synthetics with about five to seven times the strength of cortisol in
their glucocorticoid effects. Dexamethasone and betamethasone are the
powerhouses of steroids. They are thirty to thirty-five times more
powerful than cortisol in their effect on inflammation.?
?You should keep your veterinarian informed as to your dog's health
and activity level. The prednisolone dosage may have to be lowered if
you notice lethargy, weakness, frequent infections, runny eyes,
elevated heart rate, excessive weight gain or other abnormal symptoms.
Any pet on a steriod should be closely moniorted by the veterinarian
with regular visits, and good communication from owner to doctor
between visits. Keep in mind, your veterinarian assumes all is going
well if you don't call.?
?Prednisone and other corticosteroids may cause other side effects, as well.
Hairloss, dullness or thinning of the haircoat is occasionally seen in cats.
Thinning of the skin and increased susceptibility to skin infections may
occur. Panting is commonly seen in dogs as a side effect of corticosteroid
use and is seen less frequently in cats, as well. We have had a couple of
feline patients who developed diarrhea as a side effect of prednisone usage.
Ulcers are reported to occur sometimes after corticosteroid usage but I
don't recall seeing this problem in any of our patients.
Generalized immune suppression can occur, particularly at higher
corticosteroid doses or with frequent administration of corticosteroids.
This is the side effect that we worry the most about in cats, as there is
some evidence that corticosteroids can make it possible for dormant feline
leukemia virus or herpes virus infections to reappear. It is a good idea to
watch carefully for signs of illness when it is necessary to use
corticosteroids in a cat and to report any signs of illness to your vet as
soon as possible.?
?Prednisone is known to produce a "steroid psychosis" in some
people. To the best of my knowledge, no one really knows for sure if
this occurs in dogs, but I believe that it does. I have seen two or
three dogs with really strange behavior when they were on prednisone
that cleared up consistently when they were not on prednisone.?
?It is best, whenever possible, to use prednisone on an every other
day basis when it must be used long term. There are situations,
including some of the spinal diseases, in which this isn't possible if
a beneficial effect is to be maintained. In these cases it is
sometimes really hard to figure out how to handle the negative side
effects. At least for the ulcers some protection can be gained by
using cimetidine (Tagamet tm), famotidine (Pepcid AC tm) or other
gastrointestinal protectant medications.?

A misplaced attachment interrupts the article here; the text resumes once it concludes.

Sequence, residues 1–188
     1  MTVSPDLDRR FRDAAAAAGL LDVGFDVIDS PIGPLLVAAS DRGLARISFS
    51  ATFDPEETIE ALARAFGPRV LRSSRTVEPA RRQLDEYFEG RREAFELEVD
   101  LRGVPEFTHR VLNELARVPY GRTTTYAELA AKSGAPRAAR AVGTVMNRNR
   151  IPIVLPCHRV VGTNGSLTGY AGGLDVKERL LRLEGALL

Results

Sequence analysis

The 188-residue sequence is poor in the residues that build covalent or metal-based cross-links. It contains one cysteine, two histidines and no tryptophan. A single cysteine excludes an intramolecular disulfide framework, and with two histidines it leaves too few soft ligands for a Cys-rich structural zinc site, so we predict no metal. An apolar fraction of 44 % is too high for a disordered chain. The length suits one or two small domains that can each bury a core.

?It usually takes very long term use of prednisone or other corticosteroid
medications before side effects that might lead to kidney damage occur. If
prednisone is helpful for your rottweiler's problem it is probably best to
go ahead and use it as your vet advises.?
?Your dog's body can not really tell the difference between types of
cortisones and if a sufficient quantity of cortisone is in the body,
the endocrine system suppresses cortisone production by the adrenal
glands. The amount of cortisone administered orally as prednisone is
almost always well in excess of what the dog's body would produce
naturally. So giving it daily suppresses the adrenal glands. Over
time, this suppression causes the gland to have a difficult time
making cortisone when a sudden demand is placed on it. This is a
problem when cortisone is withdrawn rapidly and can even result in the
death of the dog. If the cortisone is never withdrawn this effect is
not as worrisome but it is very important to keep it in mind.
High levels of cortisone in the body produce several other problems
over time. Skin damage can occur, resulting in skin sores known as
calcinosis cutis, thinning of the skin and hairloss. Suppression of
the immune system occurs, making bacterial infections more likely.
Increased drinking and urination can become a problem. Muscular
weakness can occur. Pancreatitis is more common in dogs on long term
cortisone therapy. These side effects are minimized but not completely
eliminated by every other day use of prednisone. In any situation in
which long term use of prednisone is anticipated, these things must be
considered as possible side effects. These effects are probably more
important than the adrenal suppression in most patients.
Despite all of this, I will use prednisone on a daily basis when it is